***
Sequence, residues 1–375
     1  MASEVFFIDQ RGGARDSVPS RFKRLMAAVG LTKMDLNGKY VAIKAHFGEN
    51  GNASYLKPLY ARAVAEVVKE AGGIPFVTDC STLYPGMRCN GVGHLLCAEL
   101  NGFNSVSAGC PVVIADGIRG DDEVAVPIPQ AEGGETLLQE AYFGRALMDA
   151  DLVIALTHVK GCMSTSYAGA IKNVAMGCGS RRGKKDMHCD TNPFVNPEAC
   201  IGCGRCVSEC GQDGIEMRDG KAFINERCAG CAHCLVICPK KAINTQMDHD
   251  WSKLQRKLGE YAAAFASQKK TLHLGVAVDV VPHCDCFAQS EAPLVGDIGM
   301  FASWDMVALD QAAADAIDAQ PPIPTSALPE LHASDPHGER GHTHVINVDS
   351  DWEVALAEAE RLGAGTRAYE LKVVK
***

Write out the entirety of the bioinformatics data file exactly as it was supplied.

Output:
Sequence, residues 1–375
     1  MASEVFFIDQ RGGARDSVPS RFKRLMAAVG LTKMDLNGKY VAIKAHFGEN
    51  GNASYLKPLY ARAVAEVVKE AGGIPFVTDC STLYPGMRCN GVGHLLCAEL
   101  NGFNSVSAGC PVVIADGIRG DDEVAVPIPQ AEGGETLLQE AYFGRALMDA
   151  DLVIALTHVK GCMSTSYAGA IKNVAMGCGS RRGKKDMHCD TNPFVNPEAC
   201  IGCGRCVSEC GQDGIEMRDG KAFINERCAG CAHCLVICPK KAINTQMDHD
   251  WSKLQRKLGE YAAAFASQKK TLHLGVAVDV VPHCDCFAQS EAPLVGDIGM
   301  FASWDMVALD QAAADAIDAQ PPIPTSALPE LHASDPHGER GHTHVINVDS
   351  DWEVALAEAE RLGAGTRAYE LKVVK